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6) The entire town of Mae Hong Song celebrates Poi Sang Long, during which time the novice monks are not allowed to touch the ground for 3 days, and are carried throughout the town by their relatives and friends

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7) Hmong girls celebrating the new year in Luang Prabang, Laos

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8) Poi Sang Long Festival, Mae Hong Song, Thailand. The best fan of them all.

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How Not To Enjoy World Travel – Part 2

world travel tipsThis is the second part in an ongoing series about how to have the worst time possible during your world travels. Here is the link to part 1.

http://www.vagobond.com/how-not-to-enjoy-world-travel-part-1/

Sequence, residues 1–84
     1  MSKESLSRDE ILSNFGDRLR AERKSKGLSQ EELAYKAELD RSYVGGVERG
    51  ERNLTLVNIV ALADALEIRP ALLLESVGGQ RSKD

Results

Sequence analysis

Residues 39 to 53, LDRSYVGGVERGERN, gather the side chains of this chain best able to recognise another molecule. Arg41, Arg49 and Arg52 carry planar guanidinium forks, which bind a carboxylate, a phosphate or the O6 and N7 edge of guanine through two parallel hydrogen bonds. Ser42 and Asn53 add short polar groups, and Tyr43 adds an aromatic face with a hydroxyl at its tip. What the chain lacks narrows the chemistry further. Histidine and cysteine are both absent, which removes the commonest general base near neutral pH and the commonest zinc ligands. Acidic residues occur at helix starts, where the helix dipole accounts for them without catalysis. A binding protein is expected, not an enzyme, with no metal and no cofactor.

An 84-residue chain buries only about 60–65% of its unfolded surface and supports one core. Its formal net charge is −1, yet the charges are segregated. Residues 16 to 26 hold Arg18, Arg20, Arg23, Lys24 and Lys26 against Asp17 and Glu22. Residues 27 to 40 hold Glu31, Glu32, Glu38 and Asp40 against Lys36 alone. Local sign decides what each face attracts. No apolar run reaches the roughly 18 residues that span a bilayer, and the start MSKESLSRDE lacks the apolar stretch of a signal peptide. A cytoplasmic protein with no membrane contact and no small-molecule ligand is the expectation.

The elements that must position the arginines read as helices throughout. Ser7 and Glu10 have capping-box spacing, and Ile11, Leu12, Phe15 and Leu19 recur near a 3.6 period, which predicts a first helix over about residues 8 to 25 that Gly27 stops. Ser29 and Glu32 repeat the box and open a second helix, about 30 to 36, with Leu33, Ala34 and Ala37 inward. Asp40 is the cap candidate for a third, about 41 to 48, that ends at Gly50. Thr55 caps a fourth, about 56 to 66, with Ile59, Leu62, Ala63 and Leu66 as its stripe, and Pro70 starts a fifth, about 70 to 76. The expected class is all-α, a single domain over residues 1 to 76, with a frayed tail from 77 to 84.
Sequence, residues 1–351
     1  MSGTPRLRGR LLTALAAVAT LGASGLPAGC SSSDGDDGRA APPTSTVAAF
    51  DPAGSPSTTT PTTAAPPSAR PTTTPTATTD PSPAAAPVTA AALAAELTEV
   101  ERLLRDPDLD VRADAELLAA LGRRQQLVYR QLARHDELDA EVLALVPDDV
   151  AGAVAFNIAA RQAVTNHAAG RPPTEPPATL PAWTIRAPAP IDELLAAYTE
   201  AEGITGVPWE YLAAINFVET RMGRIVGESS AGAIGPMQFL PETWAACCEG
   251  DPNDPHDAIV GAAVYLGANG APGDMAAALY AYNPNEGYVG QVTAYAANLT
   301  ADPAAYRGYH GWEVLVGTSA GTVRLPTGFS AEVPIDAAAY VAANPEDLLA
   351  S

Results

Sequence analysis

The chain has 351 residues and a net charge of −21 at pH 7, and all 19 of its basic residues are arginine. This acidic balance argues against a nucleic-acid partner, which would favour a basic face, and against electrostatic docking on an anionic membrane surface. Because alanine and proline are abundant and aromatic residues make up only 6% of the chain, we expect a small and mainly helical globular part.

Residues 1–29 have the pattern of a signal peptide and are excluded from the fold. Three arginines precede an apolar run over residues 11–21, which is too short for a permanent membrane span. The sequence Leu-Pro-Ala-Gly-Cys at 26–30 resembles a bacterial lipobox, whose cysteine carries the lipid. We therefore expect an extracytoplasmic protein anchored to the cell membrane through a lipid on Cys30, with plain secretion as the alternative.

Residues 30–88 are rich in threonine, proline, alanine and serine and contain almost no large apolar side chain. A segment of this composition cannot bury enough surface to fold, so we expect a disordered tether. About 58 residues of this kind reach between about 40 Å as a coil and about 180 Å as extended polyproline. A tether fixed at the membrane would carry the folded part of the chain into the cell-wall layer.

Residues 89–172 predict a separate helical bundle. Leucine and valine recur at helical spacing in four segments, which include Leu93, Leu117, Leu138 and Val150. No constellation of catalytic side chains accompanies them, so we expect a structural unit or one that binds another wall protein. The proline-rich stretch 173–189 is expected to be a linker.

4. Don’t Read
To me, reading is an essential part of travel. As far as I’m concerned, if you are one of those people who ‘doesn’t like to read’ than you are one of those people who should stay home and not travel.

Don’t read anything about the country of place you are going to. That way you won’t understand the culture, the traditions, the history, the climate, or anything else. You will be able to have a completely one dimensional experience. If you should read, for example, about how it is rude to point the bottoms of your feet at someone in Thailand, then you’ll miss out on the ass kicking that results when the kick-boxer tells you to stop pointing your feet at him and you continue to do it. You wouldn’t want to miss that.

Or if you read, you might feel compelled to go fifteen kilometers out of your way on the way between Seattle, Washingon and Vancouver, British Columbia and visit the remote and gorgeous Scenic Hot Springs. Wouldn’t that suck?

Don’t read on your trip. Don’t discover that Mark Twain stayed in the same hotel you are visiting in Honolulu (The Moana Surfrider) or that the lovely looking picnic spot in Cebu, Philippines is where Lapu Lapu ate a famous explorer. Who needs to know details like that?

Don’t read when you are stuck at the airport. It’s much better to just sit and get angry at the workers or eat overpriced food. Don’t read at the beach because it’s much better to sit there wondering what to do now that you are done swimming.